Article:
4. Even if you receive a general discharge, some particular debts are not discharged under the law. Therefore, you may still be responsible for most taxes and student loans; debts incurred to pay nondischargeable taxes; domestic support and property settlement obligations; most fines, penalties, forfeitures, and criminal restitution obligations; certain debts which are not property listed in your bankruptcy papers; and debts for death or personal injury caused by operating a motor vehicle, vessel, or aircraft while intoxicated from alcohol or drugs. Also, if a creditor can prove that a debt arose from fraud, breach of fiduciary duty, or theft, or from a willful and malicious injury, the bankruptcy court may determine that the debt is not discharged.
Chapter 13: Repayment of All or Part of the Debts of an Individual with Regular Income ($235 filing fee, $39 administrative fee: Total fee $274)
1. Chapter 13 is designed for individuals with regular income who would like to pay all or part of their debts in installments over a period of time. You are only eligible for chapter 13 if your debts do not exceed certain dollar amounts set forth in the Bankruptcy Code.
2. Under chapter 13, you must file with the court a plan to repay your creditors all or part of the money that you owe them, using your future earnings. The period allowed by the court to repay your debts may be three years or five years, depending upon your income and other factors. The court must approve your plan before it can take effect.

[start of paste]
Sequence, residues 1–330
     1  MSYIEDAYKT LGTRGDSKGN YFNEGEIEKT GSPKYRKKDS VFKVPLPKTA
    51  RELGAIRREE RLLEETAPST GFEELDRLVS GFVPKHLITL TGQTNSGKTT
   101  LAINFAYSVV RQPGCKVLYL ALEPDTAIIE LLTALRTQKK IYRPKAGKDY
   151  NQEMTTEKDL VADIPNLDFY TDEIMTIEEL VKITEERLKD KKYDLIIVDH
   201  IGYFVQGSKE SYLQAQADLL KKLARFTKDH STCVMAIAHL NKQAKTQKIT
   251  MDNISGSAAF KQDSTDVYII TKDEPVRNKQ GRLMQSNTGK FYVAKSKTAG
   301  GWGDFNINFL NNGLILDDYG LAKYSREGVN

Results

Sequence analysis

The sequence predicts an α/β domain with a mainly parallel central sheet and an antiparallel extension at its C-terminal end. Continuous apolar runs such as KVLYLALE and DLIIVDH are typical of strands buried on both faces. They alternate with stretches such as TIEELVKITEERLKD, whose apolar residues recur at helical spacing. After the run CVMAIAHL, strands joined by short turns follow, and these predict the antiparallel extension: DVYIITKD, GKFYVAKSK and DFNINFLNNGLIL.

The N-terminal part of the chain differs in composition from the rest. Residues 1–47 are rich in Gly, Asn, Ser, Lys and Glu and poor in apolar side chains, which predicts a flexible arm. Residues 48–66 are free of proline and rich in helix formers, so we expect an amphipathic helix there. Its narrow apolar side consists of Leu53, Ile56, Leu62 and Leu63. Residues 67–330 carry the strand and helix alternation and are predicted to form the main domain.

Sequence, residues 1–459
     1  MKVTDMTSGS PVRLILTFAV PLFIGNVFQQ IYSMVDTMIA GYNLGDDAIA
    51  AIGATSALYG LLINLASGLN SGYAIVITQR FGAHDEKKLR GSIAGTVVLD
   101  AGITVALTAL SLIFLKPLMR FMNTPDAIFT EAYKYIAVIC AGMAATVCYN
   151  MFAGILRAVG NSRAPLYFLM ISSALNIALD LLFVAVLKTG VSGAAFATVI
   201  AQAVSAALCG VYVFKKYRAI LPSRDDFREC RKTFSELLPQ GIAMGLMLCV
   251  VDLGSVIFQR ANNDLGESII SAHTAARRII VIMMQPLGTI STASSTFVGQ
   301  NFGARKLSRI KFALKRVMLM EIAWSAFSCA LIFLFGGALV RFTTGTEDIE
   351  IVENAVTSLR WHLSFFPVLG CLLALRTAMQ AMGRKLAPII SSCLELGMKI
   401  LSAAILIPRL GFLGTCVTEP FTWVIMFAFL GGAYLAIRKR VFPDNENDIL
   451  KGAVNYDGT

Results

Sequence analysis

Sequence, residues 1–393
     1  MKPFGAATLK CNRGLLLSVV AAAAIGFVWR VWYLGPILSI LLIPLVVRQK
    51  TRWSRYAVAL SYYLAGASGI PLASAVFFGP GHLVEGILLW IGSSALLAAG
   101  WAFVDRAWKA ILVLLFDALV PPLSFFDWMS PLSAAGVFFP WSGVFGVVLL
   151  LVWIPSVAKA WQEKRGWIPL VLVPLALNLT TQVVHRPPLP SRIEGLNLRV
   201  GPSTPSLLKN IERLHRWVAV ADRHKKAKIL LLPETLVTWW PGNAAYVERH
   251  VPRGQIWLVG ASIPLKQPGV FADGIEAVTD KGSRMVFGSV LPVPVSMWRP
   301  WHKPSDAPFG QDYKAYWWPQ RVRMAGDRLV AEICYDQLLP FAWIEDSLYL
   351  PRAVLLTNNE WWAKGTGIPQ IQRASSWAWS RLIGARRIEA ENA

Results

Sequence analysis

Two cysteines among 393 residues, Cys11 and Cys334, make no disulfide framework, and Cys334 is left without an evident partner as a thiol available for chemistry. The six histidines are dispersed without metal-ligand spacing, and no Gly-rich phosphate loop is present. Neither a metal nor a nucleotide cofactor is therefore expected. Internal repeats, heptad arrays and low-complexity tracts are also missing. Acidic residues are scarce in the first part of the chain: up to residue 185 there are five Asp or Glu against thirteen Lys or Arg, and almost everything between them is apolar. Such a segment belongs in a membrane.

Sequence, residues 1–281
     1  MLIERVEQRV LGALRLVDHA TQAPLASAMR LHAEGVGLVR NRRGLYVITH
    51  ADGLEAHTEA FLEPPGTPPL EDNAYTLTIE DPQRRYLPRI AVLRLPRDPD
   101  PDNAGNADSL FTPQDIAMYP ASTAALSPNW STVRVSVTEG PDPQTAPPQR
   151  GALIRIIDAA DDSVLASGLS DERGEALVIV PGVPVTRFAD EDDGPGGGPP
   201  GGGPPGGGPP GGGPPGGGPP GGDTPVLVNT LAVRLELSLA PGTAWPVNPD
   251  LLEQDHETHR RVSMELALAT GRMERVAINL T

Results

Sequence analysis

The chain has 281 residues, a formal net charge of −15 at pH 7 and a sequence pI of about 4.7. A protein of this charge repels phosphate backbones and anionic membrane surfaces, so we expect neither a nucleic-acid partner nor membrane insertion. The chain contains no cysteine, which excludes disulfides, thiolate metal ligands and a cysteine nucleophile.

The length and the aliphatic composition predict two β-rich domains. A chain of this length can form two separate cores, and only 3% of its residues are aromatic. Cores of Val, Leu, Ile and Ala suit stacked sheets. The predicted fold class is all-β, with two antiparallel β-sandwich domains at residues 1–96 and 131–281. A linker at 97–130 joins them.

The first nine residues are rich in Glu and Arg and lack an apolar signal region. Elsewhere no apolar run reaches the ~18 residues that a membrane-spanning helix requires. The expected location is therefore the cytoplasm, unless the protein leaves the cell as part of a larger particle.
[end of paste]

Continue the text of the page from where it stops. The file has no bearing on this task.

3. After completing the payments under your plan, your debts are generally discharged except for domestic support obligations; most student loans; certain taxes; most criminal fines and restitution obligations; certain debts which are not properly listed in your bankruptcy papers; certain debts for acts that caused death or personal injury; and certain long term secured obligations.
Chapter 11: Reorganization ($1000 filing fee, $39 administrative fee: Total fee $1039) Chapter 11 is designed for the reorganization of a business but is also available to consumer debtors. Its provisions are quite complicated, and any decision by an individual to file a chapter 11 petition should be reviewed with an attorney.
Chapter 12: Family Farmer or Fisherman ($200 filing fee, $39 administrative fee: Total fee $239) Chapter 12 is designed to permit family farmers and fishermen to repay their debts over a period of time from future earnings and is similar to chapter 13. The eligibility requirements are restrictive, limiting its use to those whose income arises primarily from a family-owned farm or commercial fishing operation.
3. Bankruptcy Crimes and Availability of Bankruptcy Papers to Law Enforcement Officials A person who knowingly and fraudulently conceals assets or makes a false oath or statement under penalty of perjury, either orally or in writing, in connection with a bankruptcy case is subject to a fine, imprisonment, or both. All information supplied by a debtor in connection with a bankruptcy case is subject to examination by the Attorney General acting through the Office of the United States Trustee, the Office of the United States Attorney, and other components and employees of the Department of Justice.
WARNING: Section 521(a)(1) of the Bankruptcy Code requires that you promptly file detailed information regarding your creditors, assets, liabilities, income, expenses and general financial condition. Your bankruptcy case may be dismissed if this information is not filed with the court within the time deadlines set by the Bankruptcy Code, the Bankruptcy Rules, and the local rules of the court.